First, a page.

BURTON, Mich. — GOP presidential candidate Vivek Ramaswamy dismissed the seriousness of former New Jersey Gov. Chris Christie’s bid for the Republican nomination. But a look at early state polls shows that their campaigns have been performing comparably.
“Chris Christie doesn’t have a shot,” said Ramaswamy, speaking to the press after a campaign stop in Michigan Wednesday afternoon. “Let’s just be real.”
The slight came in response to a question about the Republican National Committee preventing Ramaswamy and Christie from debating head-to-head on Fox News. Ramaswamy said the RNC told him that if he and Christie proceeded with a segment going at each other, they’d both be banned from future debates. Ramaswamy implied he might have crossed the RNC had he viewed Christie as a legitimate competitor for the Republican ticket.
“If it were an actual candidate who had a path, yeah, maybe I would have said screw it and let’s do it,” said Ramaswamy.
Christie isn’t taking Ramaswamy’s campaign seriously either. On a segment that aired on Fox News Wednesday evening, Christie said “the idea of Ramaswamy presidency to me would be just as fraught” as the Obama and Trump presidencies were because of his lack of governing experience.
A look at Christie and Ramaswamy’s recent polling numbers suggests that on the numbers front, the 38-year-old multi-millionaire is throwing rocks from a glass mansion.
A recent USA Today/Boston Globe/Suffolk University poll from New Hampshire has Christie 2 points ahead of Ramaswamy, within the poll’s margin of error. While Christie has made the Granite State the focus of his campaign, polling from Iowa provides a different yet comparable story.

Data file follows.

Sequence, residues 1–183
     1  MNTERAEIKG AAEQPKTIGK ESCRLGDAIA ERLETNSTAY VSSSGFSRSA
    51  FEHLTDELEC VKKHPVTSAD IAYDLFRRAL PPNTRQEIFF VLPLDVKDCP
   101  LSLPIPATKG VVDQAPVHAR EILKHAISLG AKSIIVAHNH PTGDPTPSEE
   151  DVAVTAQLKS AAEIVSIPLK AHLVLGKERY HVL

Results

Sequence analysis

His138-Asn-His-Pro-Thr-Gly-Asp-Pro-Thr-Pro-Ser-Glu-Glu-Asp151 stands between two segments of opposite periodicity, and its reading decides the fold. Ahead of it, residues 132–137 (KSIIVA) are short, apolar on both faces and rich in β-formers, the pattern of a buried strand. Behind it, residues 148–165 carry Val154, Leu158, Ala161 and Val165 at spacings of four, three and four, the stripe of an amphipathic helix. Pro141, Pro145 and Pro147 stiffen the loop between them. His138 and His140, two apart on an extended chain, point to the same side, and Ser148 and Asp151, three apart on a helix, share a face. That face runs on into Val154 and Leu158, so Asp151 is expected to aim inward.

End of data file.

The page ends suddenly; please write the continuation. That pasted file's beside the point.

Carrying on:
A YouGov/CBS News poll from September does show Ramaswamy outrunning Christie in Iowa by 4 points. But Ramaswamy has been crisscrossing the state for months, with his campaign claiming it has hosted more than 100 events in Iowa. Meanwhile, Christie hasn’t set foot in the state of Iowa since announcing his bid for the presidency.
The difference between Christie and Ramaswamy is within the margin of error in both polls. More importantly for each campaign, they’re both stuck in the single digits, well behind frontrunning former President Donald Trump.
Don Taylor, an 81-year-old retired tap-dancing instructor from Hersey, Michigan, attended a Ramaswamy event later on Wednesday. Taylor is intrigued by Ramaswamy but doesn’t think he has a serious shot at the nomination.
“I really like Vivek, but I’m not sure he has a chance,” said Taylor. He said he doesn’t want to waste his vote on a candidate who can’t clinch the nomination. “You know, you don’t want to throw your vote away.”